Put Up or Shut Up: The Last Guardian


Way back in 2009, towards the end of Sony’s E3 press conference, a little game known as The Last Guardian was officially unveiled to the world—and upon watching the initial trailer, the gaming public essentially wept tears of joy. How could we not, after all? After the artistic and atmospherically divine Ico, and the suitably epic giant-killing of Shadow of The Colossus, any sort of follow-up game from Team Ico was sure to be on a whole lot of “must-play” lists. But then, The Last Guardian… well, sort of vanished. Now nearly six years later, with barely any sign of it still being in development other then Sony’s word that it is, we’re left asking some very different questions, like what the hell is really going on? And is Sony really stalling for time right now?

Let’s have a not-so-quick recap of the long road to now, shall we? The Last Guardian has been in development since 2007, was unveiled in its debut trailer (as mentioned above) at E3 2009, made a second appearance at Tokyo Game Show that same year, and was originally slated for a 2011 release date. With a big Triple-A game like this, this isn’t at all out of the ordinary, as any good game these days usually takes a few years to be cooked up properly. But then E3 2010 rolled around, and the game was nowhere to be found. It briefly popped up again at TGS again that year, but that wasn’t anything new or worth noting. From that time forward the game became a bit myth. Bits and slithers popped up in places, but things were definitely going on behind the scenes with the games development, including changes in development, constant technical difficulties, and the sudden departure of Fumito Ueda from Team Ico (though he apparently is still involved in making sure the game is completed). Information on the game has gone dark in that time, and speculation about whether it was cancelled all together has been running rampant, but apparently its development has been a long and agonizing process, to the point where all we’ve gotten as to how it’s doing is that “it’s just not ready yet.”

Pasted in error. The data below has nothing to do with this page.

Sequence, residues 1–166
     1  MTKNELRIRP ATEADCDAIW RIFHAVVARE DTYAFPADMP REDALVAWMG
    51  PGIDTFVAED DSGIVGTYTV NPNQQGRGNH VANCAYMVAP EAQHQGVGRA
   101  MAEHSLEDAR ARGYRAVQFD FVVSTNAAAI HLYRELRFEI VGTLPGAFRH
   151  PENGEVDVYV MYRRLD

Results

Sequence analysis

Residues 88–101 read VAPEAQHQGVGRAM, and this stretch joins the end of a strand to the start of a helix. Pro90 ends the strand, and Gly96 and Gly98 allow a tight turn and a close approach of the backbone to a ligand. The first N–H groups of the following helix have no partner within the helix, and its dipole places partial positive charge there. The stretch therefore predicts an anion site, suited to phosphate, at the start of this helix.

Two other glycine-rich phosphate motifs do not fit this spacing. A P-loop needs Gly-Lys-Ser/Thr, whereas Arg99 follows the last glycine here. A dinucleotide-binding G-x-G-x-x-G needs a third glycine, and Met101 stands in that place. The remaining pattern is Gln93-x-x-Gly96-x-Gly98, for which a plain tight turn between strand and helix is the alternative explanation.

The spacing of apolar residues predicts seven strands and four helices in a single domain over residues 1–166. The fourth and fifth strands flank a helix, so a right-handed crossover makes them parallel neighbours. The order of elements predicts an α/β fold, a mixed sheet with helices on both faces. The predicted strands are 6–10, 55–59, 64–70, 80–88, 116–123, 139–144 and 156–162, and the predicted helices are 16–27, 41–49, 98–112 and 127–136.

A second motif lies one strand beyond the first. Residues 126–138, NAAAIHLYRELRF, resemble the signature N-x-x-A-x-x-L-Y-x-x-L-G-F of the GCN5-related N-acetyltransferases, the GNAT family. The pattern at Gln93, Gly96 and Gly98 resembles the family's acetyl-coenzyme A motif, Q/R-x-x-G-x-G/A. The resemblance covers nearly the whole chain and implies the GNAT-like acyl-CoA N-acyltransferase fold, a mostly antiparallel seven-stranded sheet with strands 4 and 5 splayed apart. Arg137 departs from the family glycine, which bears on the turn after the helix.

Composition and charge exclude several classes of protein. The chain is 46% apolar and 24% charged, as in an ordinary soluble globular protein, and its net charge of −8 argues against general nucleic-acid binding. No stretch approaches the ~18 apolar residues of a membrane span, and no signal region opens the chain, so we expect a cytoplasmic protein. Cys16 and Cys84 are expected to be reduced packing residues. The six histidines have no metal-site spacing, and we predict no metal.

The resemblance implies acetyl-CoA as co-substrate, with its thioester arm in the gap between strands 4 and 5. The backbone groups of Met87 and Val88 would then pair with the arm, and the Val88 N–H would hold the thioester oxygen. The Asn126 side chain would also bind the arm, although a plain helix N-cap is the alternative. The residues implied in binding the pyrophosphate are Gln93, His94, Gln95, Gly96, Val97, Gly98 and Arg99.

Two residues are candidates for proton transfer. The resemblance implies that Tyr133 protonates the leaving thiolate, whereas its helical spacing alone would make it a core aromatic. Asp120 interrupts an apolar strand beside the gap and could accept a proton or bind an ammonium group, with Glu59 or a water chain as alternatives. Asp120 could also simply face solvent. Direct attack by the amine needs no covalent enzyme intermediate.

Here’s the thing: considering that we’re looking at a game that’s spent the better part of eight years in development at this point, Sony must in theory have something to show for it; new concept art, a brief trailer, anything. Otherwise it’s not so much an issue of slow development as it is an issue of wasting time and resources that could be put to better use. Mind you, it wouldn’t be the first time we’d spent long stretches of time waiting for a game. Duke Nukem Forever is obviously the first thing that comes to mind, but that’s hardly the gold standard either, and we always seemed to be aware of how that game is doing and which studio was trying to finish it that week. Plus, since it ended up being universally regarded as terrible, I guess it’s a moot point to bring up in any case.

Yeah, he's pretty sad about all this too...

Yeah, he’s pretty sad about all this too…

I suppose my point here is that whether it be at E3, TGS, or something else entirely, Sony is going to have to put its long gestating money where its Giant Griffin Dog mouth is this year and show us some real, hard evidence concerning how the game is doing. Otherwise, it should stop sinking money into what appears on the surface to be an equally sinking ship, allow us to mourn its untimely and most unfortunate loss in peace, and move on to better and equally awesome things.